Radiographs of the abdomen revealed, both in lateral and in ventrodorsal projections, a large and convolute soft tissue structure with a liquid-like radiopacity. It was localized cranially and dorsally to the urinary bladder, occupying a large part of the middle and caudal abdomen. The aspect and the opacity of that structure were similar to the urinary bladder, but it was clearly separated from it. In ventrodorsal projection, the mid and distal portions of the descending colon were evidently displaced from the natural position in the caudal left abdomen toward the right of the abdominal midline. A lumbosacral transitional vertebra was evidenced in a lateral view. Epiphyseal spurs were found at the caudal margins of the vertebral bodies in L6, L7, and S1. These signs of spondylosis were evident in both lateral and ventral views (Figure 1).

Ultrasonography of the abdomen was also performed (MyLab™ Class C—Esaote, provided of a multifrequency microconvex probe 3.0-9.0 MHz). Middle portions of the abdomen were occupied by a fluid-filled tubular structure, endowed by an own wall; the structure was convoluted and folded on itself in some points. The fluid appeared mostly not corpusculated, but the one found in a caudal curvature presented suspended material. To the cranial end of the structure, positioned where the left kidney usually lies, a dead-end, whose wall was characterized by a thin vascularized parenchyma, it was present (Figure 2). The parenchyma appeared similar to the renal cortex and also the vascularization, where present, remembered anatomically the one of the kidney. The distal end of the tubular structure ended within the prostate that was enlarged and inhomogeneous, presenting diffuse anechoic vacuolations. The stomach, liver, spleen, bladder, right kidney, and right ureter were normal. No free cavitary fluid collection was found in the abdomen.

The structure described was assumed to be an ectopic and ectasic ureter terminating cranially in the remnant of the renal parenchyma of a markedly hydronephrotic left kidney and caudally in an enlarged and abnormal prostate. The left testicle was not detected by ultrasonography.

In order to better define the investigated structure and plan a possible surgery, a computed tomography (CT) of the abdomen was also performed (CT/E G.E., General Electrics Co.). The dog was placed under general anesthesia in dorsal recumbency. CT scans with 2 mm slice-width were performed craniocaudally, before and after intravenous infusion of water-soluble iodinated contrast medium (Iomeron 300 solution for injection, Bracco).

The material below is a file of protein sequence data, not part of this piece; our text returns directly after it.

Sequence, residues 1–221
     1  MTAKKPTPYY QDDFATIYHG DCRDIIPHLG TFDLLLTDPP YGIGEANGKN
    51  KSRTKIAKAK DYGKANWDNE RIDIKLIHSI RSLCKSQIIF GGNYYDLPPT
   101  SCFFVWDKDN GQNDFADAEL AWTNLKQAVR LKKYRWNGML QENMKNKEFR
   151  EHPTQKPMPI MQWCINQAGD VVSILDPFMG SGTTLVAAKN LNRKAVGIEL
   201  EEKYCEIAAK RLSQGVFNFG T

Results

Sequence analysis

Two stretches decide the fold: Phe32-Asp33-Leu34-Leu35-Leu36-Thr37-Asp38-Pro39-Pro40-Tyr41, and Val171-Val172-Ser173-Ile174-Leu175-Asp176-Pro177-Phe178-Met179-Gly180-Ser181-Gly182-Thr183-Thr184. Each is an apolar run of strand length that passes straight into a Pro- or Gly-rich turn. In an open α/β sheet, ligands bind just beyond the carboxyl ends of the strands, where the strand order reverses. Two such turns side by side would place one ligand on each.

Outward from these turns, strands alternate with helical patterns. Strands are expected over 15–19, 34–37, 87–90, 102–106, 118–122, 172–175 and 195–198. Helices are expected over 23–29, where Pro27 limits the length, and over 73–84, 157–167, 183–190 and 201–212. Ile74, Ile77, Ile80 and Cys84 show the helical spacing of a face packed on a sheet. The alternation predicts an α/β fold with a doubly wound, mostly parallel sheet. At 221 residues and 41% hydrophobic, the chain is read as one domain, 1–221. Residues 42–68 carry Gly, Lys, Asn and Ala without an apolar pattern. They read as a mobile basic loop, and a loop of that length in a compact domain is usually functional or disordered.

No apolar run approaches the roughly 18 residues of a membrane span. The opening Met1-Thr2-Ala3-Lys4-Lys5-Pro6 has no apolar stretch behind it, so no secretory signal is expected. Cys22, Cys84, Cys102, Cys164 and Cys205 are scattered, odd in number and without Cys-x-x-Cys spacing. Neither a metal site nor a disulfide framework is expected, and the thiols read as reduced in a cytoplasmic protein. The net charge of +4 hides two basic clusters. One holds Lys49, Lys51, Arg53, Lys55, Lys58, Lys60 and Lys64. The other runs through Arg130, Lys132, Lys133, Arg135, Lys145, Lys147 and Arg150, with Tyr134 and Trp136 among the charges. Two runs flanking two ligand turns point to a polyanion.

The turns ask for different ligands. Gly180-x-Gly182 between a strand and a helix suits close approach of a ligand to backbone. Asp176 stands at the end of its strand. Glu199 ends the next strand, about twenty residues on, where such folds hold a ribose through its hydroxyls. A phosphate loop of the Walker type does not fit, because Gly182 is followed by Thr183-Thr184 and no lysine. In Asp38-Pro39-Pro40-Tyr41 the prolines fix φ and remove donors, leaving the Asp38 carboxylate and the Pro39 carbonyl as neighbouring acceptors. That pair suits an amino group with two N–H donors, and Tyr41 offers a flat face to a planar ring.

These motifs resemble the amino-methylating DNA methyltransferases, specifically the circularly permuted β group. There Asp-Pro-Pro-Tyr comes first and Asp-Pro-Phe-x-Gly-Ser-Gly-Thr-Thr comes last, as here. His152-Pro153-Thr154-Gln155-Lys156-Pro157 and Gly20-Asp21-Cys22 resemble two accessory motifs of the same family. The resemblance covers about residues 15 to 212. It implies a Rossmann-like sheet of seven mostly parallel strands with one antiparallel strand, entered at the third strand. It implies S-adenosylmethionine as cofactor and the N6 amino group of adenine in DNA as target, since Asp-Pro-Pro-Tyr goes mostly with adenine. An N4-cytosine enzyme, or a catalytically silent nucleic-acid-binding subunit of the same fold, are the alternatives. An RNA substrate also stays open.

The CT did not show the left kidney in its normal location with respective failure to display the left renal artery and vein. The left adrenal gland was in eutopic location with a phrenic abdominal vein dividing the two poles. The right kidney, the right ureter, and the respective vascularization were normal for location and appearance.

The CT examination accurately demonstrated the characteristics of the well-defined tubular, convoluted, space-occupying, cystic structure, whose cranial border was at the bifurcation of the iliac artery and the caudal border in the pelvic area. The structure had liquid endoluminal content (12 Hu, Hounsfield units) and hyperdense wall (thickness of 0.2-0.3 cm) not enhancing contrast medium in venous and delayed phases. In the venous phase, CT images showed a slightly thickened portion of the wall () located at the cranial dead-end of the saccular structure slightly enhancing the contrast medium. This portion was assumed to be the atrophic left kidney. In the delayed phase, the contrast medium was gathered in the lumen of the cranial portion of the saccular structure, very close to the atrophic kidney. The saccular structure was assumed to be the ureter that appeared considerably dilated (maximum width of 12 cm). The urinary bladder showed normal features and was surrounded by the saccular structure and slightly compressed by it from the left side.

The CT images demonstrated a hypertrophic prostate with a significant increase in prostate volume: the right lobe was 5.2 cm in diameter; the left lobe was 5.6 cm in diameter; the MPR (multiplanar reformat) reconstruction showed a dorsal diameter of 4.3 cm. A hypodense round shape area of about at the level of the left lobe was recognized as a prostatic cyst. These CT findings were confirmed also by the histological examination of biopsies collected from the gland.